Drug-related Deaths in Scotland in 2003
Drug-related Deaths in Scotland in 2003
Summary of results
Recent trends (Table 1)
4. There were 317 drug-related deaths in 2003, 65 (17%) fewer than in 2002 but 73 (30%) more than in 1996. Within these totals, the number of deaths of known or suspected habitual drug abusers fell substantially, from 280 in 2002 to 216 in 2003. However, the number of deaths in this category is 23 % higher than in 1996. Between 2002 and 2003 there were only minor changes in the numbers of deaths coded to the other categories shown in Table 1.
5. Of the 317 deaths in 2003, 107 (34%) occurred in the Greater Glasgow Health Board area. Lothian with 40 (13%), and Grampian with 37 (12%), had the next highest totals. The Greater Glasgow total showed a large decrease, down from 126 in 2002 to 107 in 2003, that for Grampian fell from 47 to 37, while Lothian's total increased by 1 to 40. Of the other areas there were sizeable decreases for Ayrshire & Arran (down from 33 to 19), Forth Valley (down from 24 to 12) and Lanarkshire (down from 37 to 25).
6. Because of the relatively small numbers involved, particularly for some health board areas, and the possibility that more complete information has been reported in recent years, care should be taken when assessing the trends shown in Tables 1 and 2.
Age groups and sex (Table 4)
7. Most deaths (89%) were to persons aged under 45, with a quarter (25%) aged under 25. Of the 36 cases aged 45 and over, only 10 were known, or suspected, to be drug-dependent. Men accounted for 81% of the 317 drug-related deaths in 2003. Almost three-quarters (74%) of the male deaths were of known or suspected drug abusers compared to only 43% of the female deaths.
8. Tables 5 and 6 give information on the involvement of selected drugs, either alone or, more commonly, in combination with other drugs. Since the tables record individual mentions of particular drugs they involve double counting of some deaths. It is believed that for the overwhelming majority of cases where morphine has been identified in post-mortem toxicological tests its presence is a result of heroin use. The tables therefore show a combined figure for 'heroin/morphine'.
9. In 2003, the drugs listed in the Tables were known to be involved in 272 (86%) of the 317 deaths. Heroin/morphine was involved in 175 (55%) of the deaths; diazepam was involved in 153 (48%) of the deaths; and methadone was involved in 87 (27%) of the deaths. A wide range of drug combinations was recorded. Of particular note was the fact that diazepam was also mentioned in 95 (54%) of the 175 deaths involving heroin/morphine. The presence of alcohol was mentioned for 128 of the 317 drug-related deaths in 2003. The blood-alcohol level was not given for all cases but, where mentioned, it was often at a relatively low level.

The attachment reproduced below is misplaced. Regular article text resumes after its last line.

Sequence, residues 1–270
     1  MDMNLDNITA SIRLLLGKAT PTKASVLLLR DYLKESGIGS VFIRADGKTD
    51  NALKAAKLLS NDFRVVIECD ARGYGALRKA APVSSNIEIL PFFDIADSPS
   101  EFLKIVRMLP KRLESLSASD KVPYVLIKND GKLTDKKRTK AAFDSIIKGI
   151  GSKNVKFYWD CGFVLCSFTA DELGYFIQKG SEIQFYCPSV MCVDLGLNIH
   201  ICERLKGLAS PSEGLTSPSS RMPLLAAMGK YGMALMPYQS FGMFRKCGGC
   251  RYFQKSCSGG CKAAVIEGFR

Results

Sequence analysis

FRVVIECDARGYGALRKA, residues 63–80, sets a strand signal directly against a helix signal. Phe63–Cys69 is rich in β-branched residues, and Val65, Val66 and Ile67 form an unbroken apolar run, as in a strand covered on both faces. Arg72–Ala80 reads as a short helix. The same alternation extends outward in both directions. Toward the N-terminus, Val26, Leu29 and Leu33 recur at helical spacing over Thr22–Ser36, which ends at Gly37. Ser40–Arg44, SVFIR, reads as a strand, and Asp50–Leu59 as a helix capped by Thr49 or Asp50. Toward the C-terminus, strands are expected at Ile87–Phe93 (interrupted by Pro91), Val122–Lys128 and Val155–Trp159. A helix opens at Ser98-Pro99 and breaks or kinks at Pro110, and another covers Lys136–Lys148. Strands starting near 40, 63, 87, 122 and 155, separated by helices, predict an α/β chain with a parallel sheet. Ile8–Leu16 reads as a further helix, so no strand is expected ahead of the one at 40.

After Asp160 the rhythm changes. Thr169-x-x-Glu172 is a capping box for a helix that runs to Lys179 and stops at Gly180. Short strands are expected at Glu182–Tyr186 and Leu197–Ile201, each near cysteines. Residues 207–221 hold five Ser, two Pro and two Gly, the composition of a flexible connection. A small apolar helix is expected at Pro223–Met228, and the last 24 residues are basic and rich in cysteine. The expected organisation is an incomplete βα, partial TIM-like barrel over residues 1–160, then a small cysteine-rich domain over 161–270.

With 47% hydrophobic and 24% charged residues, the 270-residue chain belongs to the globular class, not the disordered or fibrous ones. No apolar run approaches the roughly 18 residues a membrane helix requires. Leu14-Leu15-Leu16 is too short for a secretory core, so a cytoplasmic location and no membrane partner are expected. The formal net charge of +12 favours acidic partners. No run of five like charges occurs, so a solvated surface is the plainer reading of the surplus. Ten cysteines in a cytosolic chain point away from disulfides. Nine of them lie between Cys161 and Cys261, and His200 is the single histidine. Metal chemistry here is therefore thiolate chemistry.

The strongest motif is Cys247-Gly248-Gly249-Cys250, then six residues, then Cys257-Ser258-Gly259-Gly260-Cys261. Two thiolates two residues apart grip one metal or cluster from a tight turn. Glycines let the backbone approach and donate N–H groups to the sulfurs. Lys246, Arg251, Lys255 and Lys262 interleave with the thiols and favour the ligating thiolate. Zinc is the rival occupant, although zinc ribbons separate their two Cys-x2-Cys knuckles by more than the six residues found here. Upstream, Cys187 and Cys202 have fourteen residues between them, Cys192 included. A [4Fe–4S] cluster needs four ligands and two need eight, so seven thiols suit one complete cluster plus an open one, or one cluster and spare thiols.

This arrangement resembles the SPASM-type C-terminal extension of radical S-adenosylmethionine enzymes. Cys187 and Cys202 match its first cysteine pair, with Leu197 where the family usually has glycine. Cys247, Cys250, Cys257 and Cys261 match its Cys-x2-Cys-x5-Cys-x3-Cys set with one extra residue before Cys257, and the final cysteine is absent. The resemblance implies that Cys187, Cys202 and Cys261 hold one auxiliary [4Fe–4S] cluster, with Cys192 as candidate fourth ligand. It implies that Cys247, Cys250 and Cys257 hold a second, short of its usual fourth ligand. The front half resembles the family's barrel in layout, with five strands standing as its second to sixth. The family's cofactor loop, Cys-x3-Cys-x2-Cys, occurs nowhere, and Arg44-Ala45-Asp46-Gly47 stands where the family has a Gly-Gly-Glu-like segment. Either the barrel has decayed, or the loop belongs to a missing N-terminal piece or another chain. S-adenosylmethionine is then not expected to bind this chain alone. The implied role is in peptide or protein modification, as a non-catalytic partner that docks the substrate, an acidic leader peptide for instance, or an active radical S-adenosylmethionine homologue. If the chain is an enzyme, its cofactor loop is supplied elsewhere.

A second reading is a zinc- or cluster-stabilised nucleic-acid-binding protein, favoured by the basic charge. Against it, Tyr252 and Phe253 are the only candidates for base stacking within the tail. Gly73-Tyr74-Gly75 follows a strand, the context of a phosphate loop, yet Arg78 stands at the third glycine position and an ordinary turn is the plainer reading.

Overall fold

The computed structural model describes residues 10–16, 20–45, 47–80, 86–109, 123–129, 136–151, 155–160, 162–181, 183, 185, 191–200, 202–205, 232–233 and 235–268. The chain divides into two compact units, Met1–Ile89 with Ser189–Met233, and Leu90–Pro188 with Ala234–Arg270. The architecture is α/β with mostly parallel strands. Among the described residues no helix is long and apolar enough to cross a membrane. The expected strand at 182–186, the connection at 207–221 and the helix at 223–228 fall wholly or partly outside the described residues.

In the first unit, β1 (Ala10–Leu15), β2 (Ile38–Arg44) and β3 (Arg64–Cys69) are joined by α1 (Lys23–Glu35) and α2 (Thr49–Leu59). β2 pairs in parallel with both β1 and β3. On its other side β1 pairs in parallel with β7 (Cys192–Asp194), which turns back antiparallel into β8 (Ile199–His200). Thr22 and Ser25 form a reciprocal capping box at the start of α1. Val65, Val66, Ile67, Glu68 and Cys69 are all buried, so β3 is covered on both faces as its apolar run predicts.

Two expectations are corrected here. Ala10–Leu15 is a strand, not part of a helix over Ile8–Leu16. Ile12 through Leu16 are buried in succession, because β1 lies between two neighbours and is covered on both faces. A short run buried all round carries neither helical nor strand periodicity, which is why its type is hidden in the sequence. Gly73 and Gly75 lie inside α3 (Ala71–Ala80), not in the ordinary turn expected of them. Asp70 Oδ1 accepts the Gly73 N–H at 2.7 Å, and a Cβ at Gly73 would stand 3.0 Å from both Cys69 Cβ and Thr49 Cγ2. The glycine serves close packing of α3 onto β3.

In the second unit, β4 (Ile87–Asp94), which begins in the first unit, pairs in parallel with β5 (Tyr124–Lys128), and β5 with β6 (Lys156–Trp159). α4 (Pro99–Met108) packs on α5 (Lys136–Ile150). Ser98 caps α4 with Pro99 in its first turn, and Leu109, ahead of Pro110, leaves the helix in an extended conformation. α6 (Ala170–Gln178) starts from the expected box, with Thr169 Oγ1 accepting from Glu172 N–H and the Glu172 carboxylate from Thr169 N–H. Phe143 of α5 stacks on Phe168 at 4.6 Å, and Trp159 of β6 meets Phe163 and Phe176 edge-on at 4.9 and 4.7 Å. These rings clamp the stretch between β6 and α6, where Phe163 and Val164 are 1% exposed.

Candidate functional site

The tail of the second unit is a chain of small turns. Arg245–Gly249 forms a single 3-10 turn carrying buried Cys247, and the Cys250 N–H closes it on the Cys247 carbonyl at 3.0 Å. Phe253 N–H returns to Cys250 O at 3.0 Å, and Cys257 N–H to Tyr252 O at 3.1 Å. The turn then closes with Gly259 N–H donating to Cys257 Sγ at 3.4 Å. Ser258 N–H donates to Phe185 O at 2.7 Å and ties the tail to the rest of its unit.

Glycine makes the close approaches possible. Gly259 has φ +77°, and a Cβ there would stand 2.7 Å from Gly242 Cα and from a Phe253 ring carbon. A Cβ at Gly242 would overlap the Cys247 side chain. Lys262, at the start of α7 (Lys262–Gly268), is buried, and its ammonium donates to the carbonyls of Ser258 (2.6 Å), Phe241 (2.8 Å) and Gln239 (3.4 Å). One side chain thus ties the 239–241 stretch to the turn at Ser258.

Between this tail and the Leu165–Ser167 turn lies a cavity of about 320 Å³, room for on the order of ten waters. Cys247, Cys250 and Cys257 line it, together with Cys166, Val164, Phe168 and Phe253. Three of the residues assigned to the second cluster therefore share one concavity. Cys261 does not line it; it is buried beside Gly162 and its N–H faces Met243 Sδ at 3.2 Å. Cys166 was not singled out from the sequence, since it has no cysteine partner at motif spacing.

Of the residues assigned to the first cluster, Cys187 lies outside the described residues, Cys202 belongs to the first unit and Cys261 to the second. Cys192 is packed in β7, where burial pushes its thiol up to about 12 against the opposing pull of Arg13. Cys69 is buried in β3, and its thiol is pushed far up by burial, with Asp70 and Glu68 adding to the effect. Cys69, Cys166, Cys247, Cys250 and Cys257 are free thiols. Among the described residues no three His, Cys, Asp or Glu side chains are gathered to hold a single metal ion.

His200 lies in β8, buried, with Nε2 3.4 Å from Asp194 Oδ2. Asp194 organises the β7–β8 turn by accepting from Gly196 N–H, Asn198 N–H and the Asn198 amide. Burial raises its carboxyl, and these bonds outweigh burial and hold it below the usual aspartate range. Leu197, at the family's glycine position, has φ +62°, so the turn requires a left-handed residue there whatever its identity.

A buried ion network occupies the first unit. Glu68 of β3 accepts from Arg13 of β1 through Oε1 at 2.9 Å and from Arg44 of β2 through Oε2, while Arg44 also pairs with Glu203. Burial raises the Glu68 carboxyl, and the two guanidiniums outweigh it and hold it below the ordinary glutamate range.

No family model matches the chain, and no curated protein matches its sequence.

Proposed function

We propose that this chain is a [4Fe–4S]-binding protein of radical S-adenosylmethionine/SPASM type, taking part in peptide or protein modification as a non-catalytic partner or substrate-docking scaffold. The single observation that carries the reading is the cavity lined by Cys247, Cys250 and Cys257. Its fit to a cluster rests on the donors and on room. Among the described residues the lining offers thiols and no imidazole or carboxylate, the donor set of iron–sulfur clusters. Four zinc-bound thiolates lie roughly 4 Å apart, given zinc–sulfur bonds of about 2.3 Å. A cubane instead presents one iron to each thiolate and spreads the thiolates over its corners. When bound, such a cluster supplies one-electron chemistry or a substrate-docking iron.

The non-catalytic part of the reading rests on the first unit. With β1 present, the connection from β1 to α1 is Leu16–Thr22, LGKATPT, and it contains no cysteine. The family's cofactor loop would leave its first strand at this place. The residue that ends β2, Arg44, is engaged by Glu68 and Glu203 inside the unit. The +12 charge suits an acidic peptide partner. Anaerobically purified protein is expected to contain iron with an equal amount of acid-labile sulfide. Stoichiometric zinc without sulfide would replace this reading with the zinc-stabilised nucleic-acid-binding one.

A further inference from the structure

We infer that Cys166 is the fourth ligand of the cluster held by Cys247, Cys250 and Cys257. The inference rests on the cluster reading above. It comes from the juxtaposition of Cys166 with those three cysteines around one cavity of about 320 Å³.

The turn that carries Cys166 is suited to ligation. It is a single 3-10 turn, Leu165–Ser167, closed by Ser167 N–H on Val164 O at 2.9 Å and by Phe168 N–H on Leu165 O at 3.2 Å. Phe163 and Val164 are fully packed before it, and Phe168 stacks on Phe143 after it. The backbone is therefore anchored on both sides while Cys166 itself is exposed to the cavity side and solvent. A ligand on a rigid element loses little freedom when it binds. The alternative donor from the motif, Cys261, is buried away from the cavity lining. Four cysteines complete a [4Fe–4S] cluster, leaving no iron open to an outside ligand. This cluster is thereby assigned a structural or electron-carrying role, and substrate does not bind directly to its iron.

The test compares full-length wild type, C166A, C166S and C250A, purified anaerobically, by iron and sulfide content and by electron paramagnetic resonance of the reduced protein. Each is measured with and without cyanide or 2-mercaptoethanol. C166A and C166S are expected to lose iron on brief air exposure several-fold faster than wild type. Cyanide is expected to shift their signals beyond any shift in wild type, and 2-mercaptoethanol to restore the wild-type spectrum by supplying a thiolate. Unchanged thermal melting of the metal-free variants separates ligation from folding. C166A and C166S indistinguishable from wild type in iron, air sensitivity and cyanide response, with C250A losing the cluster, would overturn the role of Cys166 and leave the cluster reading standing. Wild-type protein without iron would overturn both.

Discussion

10. Table 5 shows that, since 1996, there have been significant increases in the involvement of heroin/morphine, and to a slightly lesser extent diazepam, though the figures for 2003 both show a fall from the peaks recorded in 2002. Since 1996, there have also been marked increases in the smaller numbers involving cocaine and ecstasy. However, the number of deaths involving cocaine decreased slightly from 31 to 29 between 2002 and 2003, and the number involving ecstasy fell from 20 to 14. Between 1996 and 2000 there was a downward trend in the number of deaths involving methadone, but there has been a substantial increase since then, almost back to the 1996 level (100). The table also shows that the decline in the number of deaths involving temazepam was reversed in 2003 which recorded more than double the 2002 figure.
11. Table 6 shows some geographical differences in the reported involvement of certain drugs. For example, heroin/morphine was mentioned in a much larger proportion of the deaths in Greater Glasgow (60 out of 107) and Grampian (27 out of 37) than in Lothian (9 out of 40). However the pattern is reversed for methadone - only 40 out of 107 deaths in Greater Glasgow and 5 out of 37 in Grampian compared to 19 out of 40 in Lothian. The table also shows that diazepam was involved in almost two-thirds (72 out of 107) of the deaths in Greater Glasgow.